Talk:Craigdarroch Castle

Latest comment: 2 years ago by Twospoonfuls in topic Why Scottish Baronial?

I question the source of the statement that this building is " ....modelled on the ancestral Dunsmuir estate in Scotland." Robert Dunsmuir came from a reasonably prosperous family in Scotland, but nothing I have read so far would indicate there was anything like a "Dunsmuir estate". Is there a source for this statement? KenWalker | Talk 06:45, 19 October 2006 (UTC)Reply[reply]

  • Removed noted text. My reading and info reviewed on tour of building do not contain any such info. KenWalker | Talk 01:05, 7 January 2007 (UTC)Reply[reply]
    • Sounds good. When I toured there last year, they had a whole room dedicated to the history of the place but, in the middle of a mostly-guided tour, I didn't have time to pore over all of it. I don't remember hearing that statement during that tour. I bet you could inquire with the museum society that owns it and get some accurate info. (BTW I have more pictures of the place that I need to find and post on Commons. Stay tuned for those.) —Wknight94 (talk) 11:21, 7 January 2007 (UTC)Reply[reply]

Is this a Copy Vio?Edit

This edit looks to me like a wholesale copy of the brochure that visitors to the castle receive. I can't put my hand on a copy of it, but if I am right, it should be deleted as a copyright violation. I have asked the editor who made the changes to comment at User_talk:Heidishiu. --KenWalker | Talk 03:53, 18 June 2007 (UTC)Reply[reply]


This article currently claims:

The museum is accredited by the American Association of Museums.

However, at that organization's accreditation query page only US states and territories are listed. At the alphabetic list page the word "Craigdarroch" cannot be found. I have placed a cn tag on the claim. (talk) 01:01, 24 February 2010 (UTC)Reply[reply]

The web site does not appear to have a search program. Using an external search site such as google I tried looking for the word stem "accredit" at and no results were found. Hence it appears that the Society's own web site does not mention accreditation. I suspect the claim should be removed from the article. (talk) 13:29, 25 February 2010 (UTC)Reply[reply]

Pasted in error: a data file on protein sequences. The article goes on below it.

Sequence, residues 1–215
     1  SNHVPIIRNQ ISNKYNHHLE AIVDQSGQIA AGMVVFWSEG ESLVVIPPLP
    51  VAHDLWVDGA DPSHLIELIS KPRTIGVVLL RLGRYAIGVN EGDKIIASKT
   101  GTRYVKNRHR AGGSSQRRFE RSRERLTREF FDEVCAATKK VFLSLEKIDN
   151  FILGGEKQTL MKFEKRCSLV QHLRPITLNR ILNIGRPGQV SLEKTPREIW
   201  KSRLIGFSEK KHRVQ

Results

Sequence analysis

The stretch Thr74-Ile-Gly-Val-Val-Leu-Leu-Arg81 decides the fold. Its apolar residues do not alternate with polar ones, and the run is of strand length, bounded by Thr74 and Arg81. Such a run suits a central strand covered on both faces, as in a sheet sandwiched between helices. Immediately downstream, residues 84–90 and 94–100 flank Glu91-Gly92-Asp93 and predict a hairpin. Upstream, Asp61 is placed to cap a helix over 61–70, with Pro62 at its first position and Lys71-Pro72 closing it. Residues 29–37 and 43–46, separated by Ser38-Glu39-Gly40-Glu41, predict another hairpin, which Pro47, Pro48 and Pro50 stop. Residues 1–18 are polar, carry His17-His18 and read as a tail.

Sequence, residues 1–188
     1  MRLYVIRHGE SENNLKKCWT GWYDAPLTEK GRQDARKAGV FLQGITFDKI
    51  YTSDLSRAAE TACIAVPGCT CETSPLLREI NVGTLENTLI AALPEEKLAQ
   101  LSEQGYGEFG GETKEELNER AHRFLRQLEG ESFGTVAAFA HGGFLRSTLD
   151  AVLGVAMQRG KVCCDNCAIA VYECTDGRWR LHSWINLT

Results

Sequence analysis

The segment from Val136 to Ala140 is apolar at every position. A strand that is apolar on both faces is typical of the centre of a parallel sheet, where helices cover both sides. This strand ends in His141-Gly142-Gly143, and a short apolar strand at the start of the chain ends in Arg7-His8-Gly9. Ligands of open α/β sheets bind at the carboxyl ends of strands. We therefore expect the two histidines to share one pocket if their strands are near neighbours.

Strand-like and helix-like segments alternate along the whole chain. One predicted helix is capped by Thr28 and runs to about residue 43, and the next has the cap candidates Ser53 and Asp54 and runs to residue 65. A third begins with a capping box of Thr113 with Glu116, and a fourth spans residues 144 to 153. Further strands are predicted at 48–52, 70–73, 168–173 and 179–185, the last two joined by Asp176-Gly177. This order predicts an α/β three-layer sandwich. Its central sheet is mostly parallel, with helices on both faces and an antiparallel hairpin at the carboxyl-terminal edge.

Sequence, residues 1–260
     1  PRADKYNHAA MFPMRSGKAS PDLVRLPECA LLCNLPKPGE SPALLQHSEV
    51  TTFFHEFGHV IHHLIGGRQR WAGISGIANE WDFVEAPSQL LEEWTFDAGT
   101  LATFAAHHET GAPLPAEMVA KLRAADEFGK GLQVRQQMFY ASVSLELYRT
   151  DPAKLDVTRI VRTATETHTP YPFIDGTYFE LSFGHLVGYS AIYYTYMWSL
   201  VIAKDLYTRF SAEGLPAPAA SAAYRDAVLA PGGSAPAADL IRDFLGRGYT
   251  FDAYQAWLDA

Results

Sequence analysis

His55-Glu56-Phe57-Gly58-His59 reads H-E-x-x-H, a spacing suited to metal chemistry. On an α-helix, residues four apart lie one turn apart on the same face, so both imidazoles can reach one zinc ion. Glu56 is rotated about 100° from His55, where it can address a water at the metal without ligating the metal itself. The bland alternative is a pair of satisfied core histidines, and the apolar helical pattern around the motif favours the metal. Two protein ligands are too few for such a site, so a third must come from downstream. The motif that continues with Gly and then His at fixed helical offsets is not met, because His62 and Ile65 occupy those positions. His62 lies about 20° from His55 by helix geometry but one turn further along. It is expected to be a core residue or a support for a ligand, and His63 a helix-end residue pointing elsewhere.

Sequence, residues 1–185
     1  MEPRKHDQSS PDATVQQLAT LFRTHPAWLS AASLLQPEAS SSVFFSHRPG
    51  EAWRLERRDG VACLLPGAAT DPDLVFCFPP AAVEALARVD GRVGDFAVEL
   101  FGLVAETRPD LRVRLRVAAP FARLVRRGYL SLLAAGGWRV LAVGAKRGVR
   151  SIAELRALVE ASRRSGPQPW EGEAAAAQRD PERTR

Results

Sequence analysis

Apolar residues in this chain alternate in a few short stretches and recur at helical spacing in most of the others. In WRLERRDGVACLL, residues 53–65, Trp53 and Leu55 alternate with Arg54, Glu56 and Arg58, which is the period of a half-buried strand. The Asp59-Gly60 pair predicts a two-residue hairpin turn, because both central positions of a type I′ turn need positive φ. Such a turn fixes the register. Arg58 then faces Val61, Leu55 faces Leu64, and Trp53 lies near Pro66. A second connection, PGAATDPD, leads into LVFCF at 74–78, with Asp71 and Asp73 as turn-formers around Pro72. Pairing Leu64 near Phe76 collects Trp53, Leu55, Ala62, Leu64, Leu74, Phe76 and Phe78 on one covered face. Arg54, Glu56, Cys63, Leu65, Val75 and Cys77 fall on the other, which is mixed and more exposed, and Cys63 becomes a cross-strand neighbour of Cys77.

The claim has been removed. (talk) 21:23, 6 March 2010 (UTC)Reply[reply]


I would love to have a section relating to the meaning of the name of the castle and estate. Where did Craigdarroch come from what does it mean and why was it chosen as the name? --Skippingrock (talk) 07:25, 16 April 2013 (UTC)Reply[reply]


Are there any references for including this building is Category:Châteauesque architecture? It looks to me to be a colonial version of Scottish baronial architecture, with very few, if any, chateauesque features. Giano (talk) 20:23, 25 October 2015 (UTC)Reply[reply]

Hello! This is to let editors know that the featured picture File:Craigdarroch Castle just after sunset - view from the west, Victoria, Canada.jpg, which is used in this article, has been selected as the English Wikipedia's picture of the day (POTD) for September 3, 2020. A preview of the POTD is displayed below and can be edited at Template:POTD/2020-09-03. Any potential improvements or maintenance that could benefit the quality of this article should be made before its scheduled appearance on the Main Page. If you have any concerns, please place a message at Wikipedia talk:Picture of the day. Thank you! Cwmhiraeth (talk) 10:36, 21 August 2020 (UTC)Reply[reply]


Craigdarroch Castle is a historic Victorian-era mansion in Victoria, British Columbia, Canada, built in the Scottish-baronial style in the late 1800s. The wealthy coal baron Robert Dunsmuir intended it as a family residence, but died before it was completed. His widow sold the Craigdarroch estate to a speculator, who subdivided the land into building lots. To stimulate sales during a slow real-estate market, he announced that the home would be the subject of a raffle, to be won by one of the purchasers. The winner mortgaged the house to finance speculative ventures, and when these failed, the ownership passed to the Bank of Montreal in 1919. The house was used in 2015 as the filming location for The Boy, a horror movie.

Photograph credit: Michal Klajban

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Why Scottish Baronial?Edit

No crow steps or bartizan, so why is this Scottish baronial rather than, say, Richardson Romanesque?Twospoonfuls (εἰπέ) 12:52, 3 September 2020 (UTC)Reply[reply]